Shira Geffen's beautiful and poetic story follows a little girl, Alona, on her journey home through a windswept park. She rests under a tree and eats an apple and, with each bite, a leaf falls off the tree. One of the leaves is different from the others - it is an enchanted, heart-shaped leaf, and it drops onto Alona's head and clings to her braid. The magical leaf protects her from the lead and she arrives home completely dry.
Her father is waiting for her at home. He plucks the leaf out of her braid and serves her a bowl of lentil soup. When Alona gazes into the bowl of soup she sees a tree reflected there. "If you want to drink your soup, give me back my leaf!" says the tree, and tells her that the leaf is its heart, a heart in the shape of a leaf. Alona stands at the window and blows on the leaf, knowing it will find its way back. "Thank you," says the tree, which is still reflected in the soup.
Shira Geffen's delicate, vivid and moving fantasy is perfectly illustrated by Polonsky's intricate pictures, full of movement and drawn from many and varied angles. The delicate texture breaks out of each one of them.
This is a touching and gentle story, for 4-8 year old readers, with remarkable beauty, gentleness and delicacy.
“Summer holidays are drawing near,
so write your requests and put them in here.”
Aba wrote ‘Africa’, Shani chose ‘Mars,’
Gal drew pink ponies and pink candy bars!
Ima counted the votes and they went to the beach, While the box was left on a shelf out of reach.
A clever and original story of a young girl, Shani, who uses an old shoebox for different Jewish festivals throughout the year.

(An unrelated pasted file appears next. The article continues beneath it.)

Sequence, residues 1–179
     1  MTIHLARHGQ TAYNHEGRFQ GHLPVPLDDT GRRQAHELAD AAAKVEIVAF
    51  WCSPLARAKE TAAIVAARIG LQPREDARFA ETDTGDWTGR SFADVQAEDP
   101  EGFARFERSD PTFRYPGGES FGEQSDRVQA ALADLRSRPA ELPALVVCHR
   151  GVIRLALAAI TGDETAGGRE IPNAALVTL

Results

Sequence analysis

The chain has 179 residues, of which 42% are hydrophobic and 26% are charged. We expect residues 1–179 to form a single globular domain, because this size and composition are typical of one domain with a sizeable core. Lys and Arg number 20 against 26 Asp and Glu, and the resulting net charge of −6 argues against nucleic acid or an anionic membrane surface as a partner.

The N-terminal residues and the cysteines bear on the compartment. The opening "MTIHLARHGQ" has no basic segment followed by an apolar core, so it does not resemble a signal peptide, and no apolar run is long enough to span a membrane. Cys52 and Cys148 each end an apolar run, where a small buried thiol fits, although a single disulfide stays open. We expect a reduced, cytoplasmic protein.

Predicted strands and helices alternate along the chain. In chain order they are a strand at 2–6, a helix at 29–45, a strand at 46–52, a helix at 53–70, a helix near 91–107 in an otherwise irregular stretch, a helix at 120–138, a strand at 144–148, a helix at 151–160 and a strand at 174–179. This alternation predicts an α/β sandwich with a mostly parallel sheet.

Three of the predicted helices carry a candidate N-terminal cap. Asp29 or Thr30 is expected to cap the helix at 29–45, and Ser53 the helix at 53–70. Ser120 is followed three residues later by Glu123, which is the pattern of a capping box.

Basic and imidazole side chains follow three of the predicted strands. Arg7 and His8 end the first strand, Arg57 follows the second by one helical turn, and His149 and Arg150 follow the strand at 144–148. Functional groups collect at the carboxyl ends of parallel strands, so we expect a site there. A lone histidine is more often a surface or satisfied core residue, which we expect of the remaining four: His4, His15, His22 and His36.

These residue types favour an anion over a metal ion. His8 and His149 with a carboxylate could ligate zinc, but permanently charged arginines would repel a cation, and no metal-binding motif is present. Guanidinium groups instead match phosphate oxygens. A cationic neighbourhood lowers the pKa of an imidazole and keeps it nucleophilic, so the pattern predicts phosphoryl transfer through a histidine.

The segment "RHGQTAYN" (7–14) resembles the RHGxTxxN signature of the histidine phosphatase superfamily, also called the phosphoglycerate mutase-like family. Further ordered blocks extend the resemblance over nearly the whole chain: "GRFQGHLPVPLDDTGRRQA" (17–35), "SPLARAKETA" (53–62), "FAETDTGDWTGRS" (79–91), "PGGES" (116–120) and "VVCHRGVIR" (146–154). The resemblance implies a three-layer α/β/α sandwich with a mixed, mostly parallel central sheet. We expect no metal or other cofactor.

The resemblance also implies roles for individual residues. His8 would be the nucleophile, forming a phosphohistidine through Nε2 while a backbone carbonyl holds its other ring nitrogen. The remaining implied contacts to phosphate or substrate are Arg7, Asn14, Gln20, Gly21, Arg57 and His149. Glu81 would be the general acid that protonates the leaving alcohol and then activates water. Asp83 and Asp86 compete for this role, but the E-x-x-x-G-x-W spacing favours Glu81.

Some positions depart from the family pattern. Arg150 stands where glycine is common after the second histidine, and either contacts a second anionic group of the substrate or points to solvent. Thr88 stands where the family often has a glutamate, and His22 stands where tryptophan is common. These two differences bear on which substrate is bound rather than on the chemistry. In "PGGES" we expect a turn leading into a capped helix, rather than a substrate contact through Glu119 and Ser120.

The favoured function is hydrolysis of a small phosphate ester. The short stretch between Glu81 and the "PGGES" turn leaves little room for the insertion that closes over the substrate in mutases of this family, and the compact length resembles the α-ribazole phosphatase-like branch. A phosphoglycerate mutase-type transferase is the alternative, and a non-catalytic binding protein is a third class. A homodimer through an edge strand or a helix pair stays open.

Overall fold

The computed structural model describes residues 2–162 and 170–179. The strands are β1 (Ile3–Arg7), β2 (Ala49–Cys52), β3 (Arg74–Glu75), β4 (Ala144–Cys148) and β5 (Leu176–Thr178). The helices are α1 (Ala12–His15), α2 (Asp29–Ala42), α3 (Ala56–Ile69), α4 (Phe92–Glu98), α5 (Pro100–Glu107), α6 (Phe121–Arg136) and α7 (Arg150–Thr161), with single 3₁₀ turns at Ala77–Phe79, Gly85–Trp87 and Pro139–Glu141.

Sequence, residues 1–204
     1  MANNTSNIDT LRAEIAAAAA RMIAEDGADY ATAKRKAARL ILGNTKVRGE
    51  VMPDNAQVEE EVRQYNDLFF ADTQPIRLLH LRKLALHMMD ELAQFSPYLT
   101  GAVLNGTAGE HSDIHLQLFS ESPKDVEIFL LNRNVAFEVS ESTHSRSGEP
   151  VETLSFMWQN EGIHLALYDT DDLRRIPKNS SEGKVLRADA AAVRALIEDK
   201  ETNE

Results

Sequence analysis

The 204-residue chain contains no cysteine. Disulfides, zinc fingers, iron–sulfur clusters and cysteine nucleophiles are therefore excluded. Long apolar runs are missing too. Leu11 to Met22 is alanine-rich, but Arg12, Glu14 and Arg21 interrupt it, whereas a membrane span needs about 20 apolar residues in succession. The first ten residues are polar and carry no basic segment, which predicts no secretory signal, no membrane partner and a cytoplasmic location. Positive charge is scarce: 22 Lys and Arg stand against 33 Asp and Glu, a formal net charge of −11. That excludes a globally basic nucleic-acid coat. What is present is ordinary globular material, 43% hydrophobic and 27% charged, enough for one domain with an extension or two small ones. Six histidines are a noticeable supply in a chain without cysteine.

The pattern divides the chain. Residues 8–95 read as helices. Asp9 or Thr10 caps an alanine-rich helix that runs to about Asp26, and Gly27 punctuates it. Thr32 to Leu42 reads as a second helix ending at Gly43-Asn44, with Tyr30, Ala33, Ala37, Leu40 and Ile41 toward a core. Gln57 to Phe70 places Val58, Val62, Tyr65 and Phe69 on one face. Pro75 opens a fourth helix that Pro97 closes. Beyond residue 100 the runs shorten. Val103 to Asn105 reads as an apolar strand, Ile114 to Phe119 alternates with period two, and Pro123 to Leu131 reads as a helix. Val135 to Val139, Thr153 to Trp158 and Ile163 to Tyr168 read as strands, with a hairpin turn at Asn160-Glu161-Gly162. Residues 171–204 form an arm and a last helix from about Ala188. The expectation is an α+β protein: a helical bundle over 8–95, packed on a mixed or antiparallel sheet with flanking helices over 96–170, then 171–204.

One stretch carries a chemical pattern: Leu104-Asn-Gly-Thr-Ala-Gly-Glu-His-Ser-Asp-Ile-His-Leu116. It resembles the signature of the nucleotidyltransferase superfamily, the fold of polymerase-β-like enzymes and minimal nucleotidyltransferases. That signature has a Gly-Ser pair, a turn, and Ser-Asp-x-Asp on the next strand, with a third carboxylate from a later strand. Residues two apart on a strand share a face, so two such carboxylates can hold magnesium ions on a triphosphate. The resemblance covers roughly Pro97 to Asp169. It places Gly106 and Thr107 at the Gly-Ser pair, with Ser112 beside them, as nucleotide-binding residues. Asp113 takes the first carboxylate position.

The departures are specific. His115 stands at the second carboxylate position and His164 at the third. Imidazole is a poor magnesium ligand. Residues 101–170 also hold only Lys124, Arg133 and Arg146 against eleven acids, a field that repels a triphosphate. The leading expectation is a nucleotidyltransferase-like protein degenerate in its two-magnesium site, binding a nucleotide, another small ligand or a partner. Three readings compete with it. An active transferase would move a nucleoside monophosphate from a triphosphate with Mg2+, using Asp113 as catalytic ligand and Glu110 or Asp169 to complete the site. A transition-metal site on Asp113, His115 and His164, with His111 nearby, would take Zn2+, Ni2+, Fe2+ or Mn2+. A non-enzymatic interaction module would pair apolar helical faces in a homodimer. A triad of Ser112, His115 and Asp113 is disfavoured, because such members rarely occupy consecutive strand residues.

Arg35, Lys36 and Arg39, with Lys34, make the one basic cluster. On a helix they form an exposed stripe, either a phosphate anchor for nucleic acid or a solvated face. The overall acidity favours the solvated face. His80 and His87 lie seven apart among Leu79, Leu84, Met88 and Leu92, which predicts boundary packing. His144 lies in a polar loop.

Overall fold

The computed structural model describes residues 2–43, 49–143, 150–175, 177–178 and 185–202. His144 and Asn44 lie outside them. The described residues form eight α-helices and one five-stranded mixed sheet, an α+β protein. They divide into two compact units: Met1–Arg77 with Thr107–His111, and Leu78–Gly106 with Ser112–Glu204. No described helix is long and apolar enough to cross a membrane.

Starting with new shoes for Rosh Hashana, Shani uses the box for Yom Kippur, Sukkot, Chanukah, Tu B’shvat, Purim, Pesach, Yom Ha’atzmaut, Lag Ba’Omer, Shavuot - until she gets new shoes on Rosh Hashana again.
A beautiful, gentle story for 4-8 year olds translated by Noga Applebaum.
Shoham Smith’s story is an inspiring rendition of how Rabbi Akiva, a once simple shepherd, became one of Judaism’s greatest and wisest scholars. As well as teaching us about the special qualities of Rabbi Akiva, Shoham Smith’s thoughtful story shows us that with persistence, faith and will-power we can all overcome difficulties and learn new things. Vali Mintzi’s creative illustrations enhance the story, making it beautifully picturesque.
About the Author
Fig's life at school is perfectly normal: he's sure his science teacher hates him, his dad is forcing him to attend barmitzvah classes because his mum who have wanted it, and he's just been passed over for the football team in favour of Gus Starks, a ball hog and a bully.
And, as if Fig's life needed one more complication, his grandmother Gigi is unexpectedly coming to stay with him and his dad for a while. As Gig helps Fig navigate the obstacles of school and a tough football season, Fig comes to understand some important things: about his religion, about his family, and about Fig himself.
Echo Still is a sports story about refusing to give up on one’s dreams regardless of the obstacles. It’s a school story, about a ordinary 12-year-old boy dealing with the everyday challenges of growing up. But most compellingly, Echo Still offers a moving depiction of the healing power of a grandmother’s love.
Infused with Jewish values and affection for Jewish rituals and holidays, this novel will certainly appeal to Jewish communities everywhere, but the deep humanity of Echo Still will resonate with readers of all backgrounds.
'The people of Chelm loved to go outside and walk around, especially on moon-lit nights. Why especially on moonlit nights?'
'Because the streets of Chelm were full of mud and there were no streetlights. And when the road is full of mud, and there are obstacles in the way and no lamps to light up the darkness, it's nice when the moon is shining and you can see where you're going'
Jewish folklore of Eastern Europe celebrates a Polish town of Chelm. The town was supposed to be populated by notoriously stupid residents.
There are numerous tales of their idiotic exploits and the most famous is the story of the people of Chelm and the moon.
The people of Chelm would go outside at night and admire the moon. Indeed, they loved the sight of the moon so much they were always frustrated they could not see it every night. They decided the best course of action would be to capture the moon in a barrel so they could gaze upon it whenever they chose.
Shlomo Abbas retells the story with a perfect comic touch and Omer Hoffmann llustrates the tale beautifully.